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Ports & Ships Maritime News

31 May 2016
Author: Terry Hutson

Bringing you shipping, freight, trade and transport related news of interest for Africa since 2002


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The former Singapore-registered research vessel REFLECT SCORPIO (3211-gt, built 1982, IMO 8208385) made an appearance in Durban in 2012 only to be arrested when the crew and other creditors could not be paid. After a protracted delay the ship was finally sold and, it would appear, sailed from Durban under the name GENESIS, possiby for the breakers. The last record we can find is of the ship sailing for Maputo and being off the Zululand coast opposite Lake St Lucia on 17 December 2013, on a northeasterly heading. Does any reader know what happened to this vessel -- did she end up as scrap steel at some Asian or Turkish breaker, or what? This picture of her being moved across Durban harbour in June 2013 is by Terry Hutson

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Tin Can Island in Lagos

According to a statement issued by Nigeria's Federal Ministry of Transportation, President Muhammadu Buhari has approved an audit of the maritime sector to determine why there has been insufficient progress.

The statement said the Transportation minister, Rotimi Amaechi received a visit from the Technical Unit on Governence and Anti-Corruption Reforms (TUGAR) who advised him of the probe.

Amaechi said the audit would probe into reasons why the nation's seaports were not making progress in terms of timely clearance of goods, when compared with those of neighbouring countries.

The minister described corruption at the ports as endemic. He urged stakeholders involved in the inspection and clearance of cargo to find ways of curbing corruption and speeding up the clearing of cargo.

He said that the bottlenecks at the ports were causing too many ships to divert to neighbouring ports in other West African countries.

In an effort to speed up the clearnce and movement of cargo President Buhari is reported to have approved an automated 'National Single Window' for instant screening and scanning of cargo on vessels that could faciliate the faster clearance of cargo.

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Hanjin Paradip. Picture by Shipspotting

The South Korean bulker HANJIN PARADIP (82,158-dwt, built 2013), which was detained in the port of Richards Bay because of unpaid charter fees, has been released and has sailed from port.

By last evening (Monday) the bulker was rounding the Cape of Good Hope, having sailed from the Zululand port on Sunday, 27 May 2016.

Hanjin Paradip was arrested when she arrived off Richards Bay, on behalf of creditors who had not been paid.

In a statement released by the shipping company to say that the vessel had been released and was underway, Hanjin said the following: "Both Hanjin Shipping and the relevant parties agreed that successful financial restructuring of Hanjin Shipping correlates to everyone's interests, hence decided to resume the sailing of the vessel and to resolve the arrears issue through further discussion."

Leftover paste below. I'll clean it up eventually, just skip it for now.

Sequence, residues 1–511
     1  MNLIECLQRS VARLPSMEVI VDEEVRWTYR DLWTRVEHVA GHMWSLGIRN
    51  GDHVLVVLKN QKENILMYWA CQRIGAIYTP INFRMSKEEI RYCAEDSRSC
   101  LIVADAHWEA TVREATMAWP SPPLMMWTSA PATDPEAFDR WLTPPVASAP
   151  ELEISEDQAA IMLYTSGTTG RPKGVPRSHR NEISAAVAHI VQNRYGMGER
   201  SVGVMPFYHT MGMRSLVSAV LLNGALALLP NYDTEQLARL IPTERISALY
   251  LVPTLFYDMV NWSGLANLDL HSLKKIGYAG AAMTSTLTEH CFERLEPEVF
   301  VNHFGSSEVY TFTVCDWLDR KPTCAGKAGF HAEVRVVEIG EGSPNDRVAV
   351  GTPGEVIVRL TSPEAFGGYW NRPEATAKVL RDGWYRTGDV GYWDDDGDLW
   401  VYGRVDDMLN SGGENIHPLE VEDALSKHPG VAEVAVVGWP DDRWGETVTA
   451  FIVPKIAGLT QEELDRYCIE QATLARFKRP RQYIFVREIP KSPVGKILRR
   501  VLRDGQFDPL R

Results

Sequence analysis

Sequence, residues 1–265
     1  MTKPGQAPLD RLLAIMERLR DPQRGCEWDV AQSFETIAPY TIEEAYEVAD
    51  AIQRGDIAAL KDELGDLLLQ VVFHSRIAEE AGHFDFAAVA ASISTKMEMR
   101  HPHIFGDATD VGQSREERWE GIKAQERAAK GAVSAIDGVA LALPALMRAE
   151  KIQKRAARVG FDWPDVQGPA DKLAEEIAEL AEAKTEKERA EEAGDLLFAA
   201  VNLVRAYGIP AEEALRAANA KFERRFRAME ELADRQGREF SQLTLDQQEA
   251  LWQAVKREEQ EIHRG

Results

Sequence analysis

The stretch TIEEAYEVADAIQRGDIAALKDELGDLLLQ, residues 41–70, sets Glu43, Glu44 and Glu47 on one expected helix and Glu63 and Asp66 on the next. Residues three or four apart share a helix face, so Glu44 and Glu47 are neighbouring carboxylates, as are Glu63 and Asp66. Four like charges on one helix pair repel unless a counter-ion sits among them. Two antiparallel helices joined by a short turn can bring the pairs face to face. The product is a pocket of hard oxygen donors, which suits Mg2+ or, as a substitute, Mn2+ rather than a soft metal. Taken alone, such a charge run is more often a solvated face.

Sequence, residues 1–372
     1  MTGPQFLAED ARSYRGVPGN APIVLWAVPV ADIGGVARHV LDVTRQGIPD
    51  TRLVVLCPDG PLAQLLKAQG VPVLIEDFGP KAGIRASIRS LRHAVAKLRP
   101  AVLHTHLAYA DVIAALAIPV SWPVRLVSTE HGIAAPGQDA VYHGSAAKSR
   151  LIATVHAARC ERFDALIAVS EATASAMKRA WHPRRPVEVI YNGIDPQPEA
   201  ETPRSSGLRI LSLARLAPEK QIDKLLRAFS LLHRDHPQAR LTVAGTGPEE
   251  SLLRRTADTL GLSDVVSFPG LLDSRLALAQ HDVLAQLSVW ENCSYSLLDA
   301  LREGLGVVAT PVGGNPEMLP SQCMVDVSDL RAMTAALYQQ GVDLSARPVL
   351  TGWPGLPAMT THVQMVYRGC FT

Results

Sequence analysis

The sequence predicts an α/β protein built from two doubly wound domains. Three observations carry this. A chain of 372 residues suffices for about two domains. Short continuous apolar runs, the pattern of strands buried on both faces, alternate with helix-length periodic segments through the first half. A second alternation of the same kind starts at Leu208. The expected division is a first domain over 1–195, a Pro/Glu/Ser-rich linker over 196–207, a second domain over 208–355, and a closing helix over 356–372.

Hanjin is reported to be in a near bankrupt position and in serious arrears with charter hire payments. One of its creditors is Canada's Seaspan who have revealed that Hanjin Shipping is in serious arrears with charter hire payments.

Seaspan is apparently owed US$11.6 million for charter payments on a number of container ships.

"Hanjin charters three of our 10,000-TEU vessels and four of GCI's [an affiliate] 10,000-TEU vessels under 10-year charter contracts with options to extend. Hanjin currently is making monthly payments under its charters with us," said a Seaspan prospectus.

Hanjin operates a fleet of 95 container ships and 56 bulk carriers, with a total of 91 of the vessels being charters.

London-based Loadstar referred to Hanjin owing on just three Seaspan vessels, HANJIN BUDDHA, HANJIN NAMU, AND HANJIN TABUL, each delivered to Hanjin in 2014 with eight years remaining at a fixed rate of US$43,000 a day.

Hanjin apparently made an offer to Seaspan asking for a reduction in charter rates for three and a half years, in exchnage for 'securities in a restructured Hanjin.' Seaspan rejected the proposal saying that "neither Hanjin nor the Korea Development Bank can change the charter rates in the voluntary restructuring without our consent."

Taking a hard stance, Seapsan warned investors that a failure by Hanjin to make charter payments could result in a default in its own financing agreements for the vessels. At the same time, such a breach, would permit it to "arrest the applicable vessels, terminate the charters and seek to recharter the vessels out."

Earlier in May it was announced that Hanjin, Hapag-Lloyd, 'K'Line, Mitsui O.S.K. Lines, Nippon Yusen Kaisha and Yang Ming had agreed to create a new alliance covering all East-West trade lanes namely, Asia-Europe/ Mediterranean, Asia-North America West Coast, Asia-North America East Coast, Transatlantic and Asia-Middle East / Persian Gulf / Red Sea. It said that a binding agreement had been concluded by all partners and 'The Alliance' is scheduled to begin operation in April 2017 subject to approval of all relevant regulatory authorities. The initial term of the cooperation is for five years.

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Harmony of the Seas

Having just taken delivery of the world's biggest cruise and passenger ship, the gigantic 227,000 ton, 362 metre HARMONY OF THE SEAS which is capable of carrying over 6,000 passengers , one might be tempted to think the cruise operator would be satisfied to sit back and consolidate for a while.